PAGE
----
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Boating Safety

Keep your summer fun and safe!

  • 8 June 2018
  • Author: Safety Ahead
  • Number of views: 7469
Boating Safety

Summer has finally arrived in Alberta! And many people like to take advantage of our warm summer days by escaping o their favorite lake for a little R&R, which often involves the operation of boats. While this is a fun pastime it can also be dangerous if the proper precautions are not taken. Canadian law also requires that boats are equipped with marine safety equipment. So we’re here to provide you with some information and tips to help you enjoy your boat in a safe way.


  1. Pleasure Craft Operators License
  2. Canadian approved flotation devices or lifejackets – there must be a lifejacket in an appropriate size for each passenger on board.
  3. Buoyant heaving line at least 15 metres in length.
  4. Watertight/proof flashlight OR approved flares (Type A, B, or C)
  5. Sound signaling device (air horn)
  6. Manual propelling device (paddle)
  7. Anchor with 15 metres of rope, chain or cable.
  8. Bailer or manual water pump
  9. Appropriate size/class fire extinguisher
  10. First Aid Kit
  11. Review emergency response signals, procedures and protocol with all passengers. Especially young children.

In addition to safety equipment the following items are suggested for boating excursions:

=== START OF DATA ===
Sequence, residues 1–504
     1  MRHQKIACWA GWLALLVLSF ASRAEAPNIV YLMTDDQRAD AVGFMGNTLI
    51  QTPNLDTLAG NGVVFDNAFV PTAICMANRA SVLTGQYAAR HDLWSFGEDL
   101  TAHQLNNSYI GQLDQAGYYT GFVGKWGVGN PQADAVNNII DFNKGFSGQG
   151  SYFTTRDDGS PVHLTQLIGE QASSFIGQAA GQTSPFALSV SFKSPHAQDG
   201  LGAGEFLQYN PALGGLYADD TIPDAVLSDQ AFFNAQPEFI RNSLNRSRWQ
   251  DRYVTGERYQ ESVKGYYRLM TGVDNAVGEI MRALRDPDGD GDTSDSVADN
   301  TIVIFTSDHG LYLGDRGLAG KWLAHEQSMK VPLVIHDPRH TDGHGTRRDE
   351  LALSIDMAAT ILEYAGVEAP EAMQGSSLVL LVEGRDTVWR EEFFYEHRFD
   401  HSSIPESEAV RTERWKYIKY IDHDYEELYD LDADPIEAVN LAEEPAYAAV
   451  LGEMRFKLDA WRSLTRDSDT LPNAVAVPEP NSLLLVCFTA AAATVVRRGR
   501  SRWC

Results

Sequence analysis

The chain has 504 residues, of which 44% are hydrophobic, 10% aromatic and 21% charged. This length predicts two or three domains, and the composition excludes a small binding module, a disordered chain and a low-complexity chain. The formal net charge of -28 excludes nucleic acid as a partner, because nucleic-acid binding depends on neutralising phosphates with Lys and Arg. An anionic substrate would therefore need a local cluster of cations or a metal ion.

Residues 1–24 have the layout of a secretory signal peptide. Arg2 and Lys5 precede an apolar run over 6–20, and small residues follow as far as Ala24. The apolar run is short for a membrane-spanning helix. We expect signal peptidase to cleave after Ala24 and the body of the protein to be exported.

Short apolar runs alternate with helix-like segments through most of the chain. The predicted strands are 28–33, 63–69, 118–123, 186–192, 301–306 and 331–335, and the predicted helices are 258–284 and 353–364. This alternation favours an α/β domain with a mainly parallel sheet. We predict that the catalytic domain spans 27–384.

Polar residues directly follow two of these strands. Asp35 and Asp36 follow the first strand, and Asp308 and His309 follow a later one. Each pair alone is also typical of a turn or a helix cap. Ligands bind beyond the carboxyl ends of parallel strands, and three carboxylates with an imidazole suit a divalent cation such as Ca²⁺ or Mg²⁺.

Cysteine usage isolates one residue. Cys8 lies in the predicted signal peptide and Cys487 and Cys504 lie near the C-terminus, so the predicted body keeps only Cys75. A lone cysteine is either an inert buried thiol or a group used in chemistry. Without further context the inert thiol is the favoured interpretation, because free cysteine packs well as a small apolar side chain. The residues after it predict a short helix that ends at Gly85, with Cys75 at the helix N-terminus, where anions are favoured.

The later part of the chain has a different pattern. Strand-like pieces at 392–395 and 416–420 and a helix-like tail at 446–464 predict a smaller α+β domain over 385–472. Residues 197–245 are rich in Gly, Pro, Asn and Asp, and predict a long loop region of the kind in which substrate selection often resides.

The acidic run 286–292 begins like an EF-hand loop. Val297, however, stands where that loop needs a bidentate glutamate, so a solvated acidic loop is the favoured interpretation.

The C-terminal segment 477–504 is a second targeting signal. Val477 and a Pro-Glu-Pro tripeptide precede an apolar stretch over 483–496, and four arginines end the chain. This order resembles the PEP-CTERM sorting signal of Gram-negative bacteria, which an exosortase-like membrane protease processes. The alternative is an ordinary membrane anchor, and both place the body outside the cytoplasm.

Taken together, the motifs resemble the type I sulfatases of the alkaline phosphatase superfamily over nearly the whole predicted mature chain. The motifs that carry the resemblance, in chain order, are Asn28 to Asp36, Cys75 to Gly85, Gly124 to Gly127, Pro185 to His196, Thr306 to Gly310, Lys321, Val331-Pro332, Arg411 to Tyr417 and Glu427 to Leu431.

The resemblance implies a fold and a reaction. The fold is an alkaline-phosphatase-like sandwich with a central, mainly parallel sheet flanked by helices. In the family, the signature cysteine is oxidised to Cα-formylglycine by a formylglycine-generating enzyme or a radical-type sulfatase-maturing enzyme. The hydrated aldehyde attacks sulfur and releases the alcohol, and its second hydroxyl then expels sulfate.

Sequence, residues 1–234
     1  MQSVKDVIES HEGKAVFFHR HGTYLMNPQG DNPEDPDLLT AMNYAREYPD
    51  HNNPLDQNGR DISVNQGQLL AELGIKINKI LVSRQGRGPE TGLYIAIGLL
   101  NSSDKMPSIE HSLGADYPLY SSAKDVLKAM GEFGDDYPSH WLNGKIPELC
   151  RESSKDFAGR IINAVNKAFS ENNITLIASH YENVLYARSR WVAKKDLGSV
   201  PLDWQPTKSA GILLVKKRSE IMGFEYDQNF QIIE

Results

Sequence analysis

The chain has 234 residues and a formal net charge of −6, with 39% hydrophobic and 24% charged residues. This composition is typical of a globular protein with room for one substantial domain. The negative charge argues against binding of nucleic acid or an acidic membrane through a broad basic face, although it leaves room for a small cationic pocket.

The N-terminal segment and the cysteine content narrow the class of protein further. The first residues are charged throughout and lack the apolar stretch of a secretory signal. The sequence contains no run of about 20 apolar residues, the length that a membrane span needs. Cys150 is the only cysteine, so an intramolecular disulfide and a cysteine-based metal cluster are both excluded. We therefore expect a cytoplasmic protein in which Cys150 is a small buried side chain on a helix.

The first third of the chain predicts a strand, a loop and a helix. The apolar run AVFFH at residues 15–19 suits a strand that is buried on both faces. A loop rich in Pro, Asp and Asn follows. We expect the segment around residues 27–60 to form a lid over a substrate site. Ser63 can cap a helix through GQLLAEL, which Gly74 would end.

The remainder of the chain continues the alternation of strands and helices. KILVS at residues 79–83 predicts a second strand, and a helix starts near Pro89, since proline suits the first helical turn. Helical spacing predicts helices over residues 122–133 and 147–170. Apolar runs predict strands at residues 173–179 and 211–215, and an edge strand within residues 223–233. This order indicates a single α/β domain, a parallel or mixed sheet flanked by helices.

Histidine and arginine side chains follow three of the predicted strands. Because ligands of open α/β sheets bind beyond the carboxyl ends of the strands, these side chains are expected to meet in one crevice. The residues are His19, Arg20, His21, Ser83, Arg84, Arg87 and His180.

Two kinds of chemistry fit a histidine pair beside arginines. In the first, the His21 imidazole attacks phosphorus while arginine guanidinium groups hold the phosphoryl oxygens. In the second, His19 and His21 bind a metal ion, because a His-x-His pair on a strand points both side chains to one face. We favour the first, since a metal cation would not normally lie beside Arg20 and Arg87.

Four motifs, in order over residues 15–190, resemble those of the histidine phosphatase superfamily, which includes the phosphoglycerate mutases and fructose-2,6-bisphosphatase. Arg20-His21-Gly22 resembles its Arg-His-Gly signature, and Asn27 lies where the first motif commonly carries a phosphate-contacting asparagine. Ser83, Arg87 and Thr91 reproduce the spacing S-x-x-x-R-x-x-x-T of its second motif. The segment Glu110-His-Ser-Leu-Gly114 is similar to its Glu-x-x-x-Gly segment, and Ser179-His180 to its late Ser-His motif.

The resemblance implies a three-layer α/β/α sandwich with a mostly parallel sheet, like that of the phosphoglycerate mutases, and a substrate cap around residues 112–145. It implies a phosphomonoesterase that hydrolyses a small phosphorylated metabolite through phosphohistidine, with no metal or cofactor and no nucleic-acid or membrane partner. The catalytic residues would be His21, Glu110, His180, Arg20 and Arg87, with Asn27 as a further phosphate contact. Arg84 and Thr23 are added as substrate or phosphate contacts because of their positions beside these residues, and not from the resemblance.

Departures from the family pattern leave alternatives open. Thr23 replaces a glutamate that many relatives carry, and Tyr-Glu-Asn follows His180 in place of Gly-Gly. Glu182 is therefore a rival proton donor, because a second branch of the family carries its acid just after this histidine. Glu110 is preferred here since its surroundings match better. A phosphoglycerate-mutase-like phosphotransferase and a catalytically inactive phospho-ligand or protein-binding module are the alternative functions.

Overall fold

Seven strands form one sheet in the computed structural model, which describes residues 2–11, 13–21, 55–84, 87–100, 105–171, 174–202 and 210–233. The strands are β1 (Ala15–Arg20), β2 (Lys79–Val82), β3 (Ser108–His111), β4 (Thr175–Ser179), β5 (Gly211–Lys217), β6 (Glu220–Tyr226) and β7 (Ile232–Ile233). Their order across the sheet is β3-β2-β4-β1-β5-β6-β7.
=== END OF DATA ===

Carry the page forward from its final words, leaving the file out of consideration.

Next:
1. Clean drinking water
  2. Sun Screen/Insect repellent
  3. Hats
  4. Sunglasses
  5. Extra sets of dry clothing and towels
  6. Snacks/food for the trip (including extra non-perishable snacks for longer trips is a good idea also)
  7. Waterproof matches
  8. Knife
  9. Floating keychain

Alcohol and Boating

Every year hundreds of people die in unintentional water-related accidents and unfortunately almost 65% of these deaths resulted from the use of alcohol. Over 40% of boating related fatalities involve the use of alcohol. 37% of boaters in Canada admit to consuming alcohol every time they boat and

66% report they drink alcohol sometimes when boating.

How does alcohol consumption affect the boater?

  • diminishes judgment and the ability to process information,
  • reduces motor skills, peripheral vision and balance,
  • slows reaction and reflex response time,
  • reduces depth perception, vision and focus,
  • disturbs the inner ear thus reducing your ability to distinguish the water surface if you fall in, and
  • accelerates hypothermia.

Boating can be a fun activity for people of all ages when it’s done safely. So stay safe, stay sober (while boating anyways) and have a great summer!


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